I remember my mother saying once that she hadn’t felt grown up until her late twenties. At the advanced age of twenty-five, eleven years an orphan and four married, I thought myself a capable independent adult and couldn’t fathom why Judith Klein Russell hadn’t felt the same. Looking back now I can only speculate that it was motherhood that somehow undermined her sense of autonomy, but that might only be my long-abandoned familial guilt still seeking its lost foothold. My childhood went over a California cliff, and I was thrown into adulthood from the car that crashed and killed my family. Being grown up was all I had left of them, the single lasting legacy when my other identities — sister, daughter — dissolved into smoke and fire and pain. Stoic self-sufficiency became the one thing that mattered until the day I almost stepped on Sherlock Holmes.
They say like calls to like, and our similarities of thought and temperament overshadowed the many shallow distinctions to be made between Holmes and me, of age, gender, and personal history. It was a long time before I stumbled across those traits as obstacles rather than mere phantoms of social niceties. Once I’d come to understand my own heart well enough to recognize that it was engaged by my head, that intellect was the font of passion in my being, I let go of the romantic notions fed to me by social convention. Of course it was some weeks before I pulled together the pieces of my heart and intellect and shivering limbs, all sending out signals at odds with the rest, and Holmes not much help in sorting the new lines of communication growing between us. Yet another exploding vehicle acted as catalyst for my transformation, and when the person I thought I’d lost that time appeared in front of me on the filthy dock, no lingering doubt stayed the hands that reached for him and held on tightly. From that moment of contact Holmes and I were well matched in this new way, the differences between us lying merely in experience rather than expectation.
However, experience is of course valuable, in this context no less than any other. I spent hours in martial arts training to develop fluency in self-defence and, when required, offensive action. And I knew Holmes would no more begrudge my experimentation with subtler somatic practices than he would deny the importance of keeping up with any of studies he assigned to me himself. I imagine he’d in fact prefer I devote time to honing the intimate knowledge of the body rather than wasting it (as he saw it) on my own calling in theological research. Not that I ever offered him the choice. This was my decision, my responsibility. My questions to answer and my own body to understand. What he observed over the years as my independent studies with other tutors progressed, he never said.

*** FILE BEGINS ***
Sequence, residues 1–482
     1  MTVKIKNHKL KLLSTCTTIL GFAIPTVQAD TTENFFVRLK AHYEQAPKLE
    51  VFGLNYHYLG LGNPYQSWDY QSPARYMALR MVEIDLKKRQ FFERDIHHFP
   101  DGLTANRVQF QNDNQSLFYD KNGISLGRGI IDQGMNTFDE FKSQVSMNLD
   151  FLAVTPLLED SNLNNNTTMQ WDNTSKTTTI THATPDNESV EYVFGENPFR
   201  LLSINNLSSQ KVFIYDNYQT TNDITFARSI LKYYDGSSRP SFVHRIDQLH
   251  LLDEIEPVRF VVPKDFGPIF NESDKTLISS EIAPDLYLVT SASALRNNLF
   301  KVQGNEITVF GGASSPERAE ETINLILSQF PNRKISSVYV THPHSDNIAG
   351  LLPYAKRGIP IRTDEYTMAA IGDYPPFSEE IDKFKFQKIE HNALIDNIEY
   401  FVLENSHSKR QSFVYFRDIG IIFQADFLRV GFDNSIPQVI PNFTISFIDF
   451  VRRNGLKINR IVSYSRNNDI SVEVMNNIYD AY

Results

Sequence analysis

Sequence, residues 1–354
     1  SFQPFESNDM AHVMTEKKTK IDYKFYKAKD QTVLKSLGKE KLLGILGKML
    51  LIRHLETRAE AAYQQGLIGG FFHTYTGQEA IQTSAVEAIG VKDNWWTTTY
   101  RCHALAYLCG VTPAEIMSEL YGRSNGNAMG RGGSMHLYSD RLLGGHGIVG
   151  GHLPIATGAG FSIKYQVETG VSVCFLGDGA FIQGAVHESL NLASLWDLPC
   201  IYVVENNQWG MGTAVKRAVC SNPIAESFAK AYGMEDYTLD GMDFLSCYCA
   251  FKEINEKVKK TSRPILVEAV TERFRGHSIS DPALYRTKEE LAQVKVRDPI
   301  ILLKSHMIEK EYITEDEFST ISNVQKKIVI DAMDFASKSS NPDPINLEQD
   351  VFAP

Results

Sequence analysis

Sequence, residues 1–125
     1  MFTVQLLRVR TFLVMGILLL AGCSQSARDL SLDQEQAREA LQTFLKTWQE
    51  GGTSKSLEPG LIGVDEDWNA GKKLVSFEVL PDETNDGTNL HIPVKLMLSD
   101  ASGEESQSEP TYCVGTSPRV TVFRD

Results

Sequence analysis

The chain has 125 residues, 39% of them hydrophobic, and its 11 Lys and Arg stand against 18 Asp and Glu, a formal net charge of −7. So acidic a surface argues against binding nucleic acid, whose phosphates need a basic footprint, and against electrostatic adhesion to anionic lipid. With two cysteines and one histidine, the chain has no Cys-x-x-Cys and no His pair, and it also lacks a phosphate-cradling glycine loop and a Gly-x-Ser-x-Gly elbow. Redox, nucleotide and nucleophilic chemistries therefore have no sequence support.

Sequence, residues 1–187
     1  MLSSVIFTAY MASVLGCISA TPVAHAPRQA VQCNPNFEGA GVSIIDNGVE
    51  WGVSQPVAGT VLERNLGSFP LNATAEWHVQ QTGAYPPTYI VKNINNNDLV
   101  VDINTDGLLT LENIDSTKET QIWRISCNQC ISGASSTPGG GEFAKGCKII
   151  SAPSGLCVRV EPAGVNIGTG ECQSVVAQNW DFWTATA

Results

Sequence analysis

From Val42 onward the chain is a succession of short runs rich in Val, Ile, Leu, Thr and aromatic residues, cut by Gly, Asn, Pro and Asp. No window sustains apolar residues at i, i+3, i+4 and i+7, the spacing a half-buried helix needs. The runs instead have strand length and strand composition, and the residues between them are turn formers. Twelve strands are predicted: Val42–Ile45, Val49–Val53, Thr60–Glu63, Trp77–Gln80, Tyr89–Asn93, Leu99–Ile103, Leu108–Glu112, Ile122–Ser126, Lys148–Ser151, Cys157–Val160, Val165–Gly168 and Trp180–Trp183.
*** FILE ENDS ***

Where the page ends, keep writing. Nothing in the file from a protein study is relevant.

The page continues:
For those reasons and others, more than once in the years since I met Margery Childe I pondered what might have been if I’d met her without the burden and distraction of deceit and murder. I’d feigned indifference when my old friend Ronnie and I spoke of the women paired off in Childe's Temple, as part of the persona I played while investigating that case. But to be ruthlessly honest, I had no idea who I was at that time, with my looming financial freedom and an abruptly uncertain future with Holmes unmooring me. And then there was Margery, whose charismatic presence spoke to me on multiple levels as no one else ever had, not even Holmes. So I shook out the flag of conventional sexuality and joked with Ronnie that I felt nothing of the kind for other women, even as I couldn’t stop thinking about Margery. As it happened, my life took several decisive turns in the following weeks, allowing me to settle on what I wanted with Holmes without having to close any of those other doors I’d peeked inside.
In the spring of 1921 I resumed my studies of various sorts and for 18 months following my marriage, my projects in Oxford, with Holmes, and on my own brought many opportunities to learn. And then, for an astonishingly tumultuous two years, other forces grabbed control of the reins from summer 1923 until summer 1925. Thrown from case to case around the globe and deep into the inner workings of my own psyche, I had little chance to control my life, let alone opportunity to sustain any sort of research plan. July 1925 finally found me home again in Sussex, reunited with the manuscript on biblical wisdom Dorothy Ruskin had inadvertently separated me from almost two years before. I’d sent Holmes off to regale Watson with tales of India, Japan, and San Francisco for the week, briefly imagined them installed at their favourite Turkish baths for the duration, and put them firmly out of mind. I pushed Holmes’ motley piles to the floor and spread out on the work desk in the bright main room, sustained by Mrs. Hudson’s best efforts in the kitchen. At long last, I was reunited with my purest intellectual self and nothing would interfere.
O proud ego, foolish to tempt the fates so baldly.
I firmly ignored the knocking until Mrs. Hudson answered the door, when I looked up to confirm it was none of my concern. Standing outside was a sturdy middle-aged woman, auburn hair shot through with silver to give an overall lightening effect rather than an aging one. Her face was worn but at ease; someone who had had a hard life but was in good means now. There was a self-confidence about her that you often see in matrons with scores of grandchildren but my estimation was that this person had not raised children. Whether she’d ever borne any was another matter, not deducible on the evidence I had at the moment. I grabbed my wandering attention and firmly refocused it on my text. That woman’s business was emphatically not mine, and I should strive to keep it that way.
My traitorous ears picked up the conversation and the woman’s insistence on waiting for the gentlemen’s return. She clearly expected more than one, not merely the singular man of the house. That was puzzle enough for my weak brain, long out of condition for tackling the academic task I forced in its way, to tip over its metaphorical chair and call out to the distraction presented. I sighed in defeat and rose to join Mrs Hudson at the threshold, who introduced me to Mrs. Summer of Portsmouth, and me to her.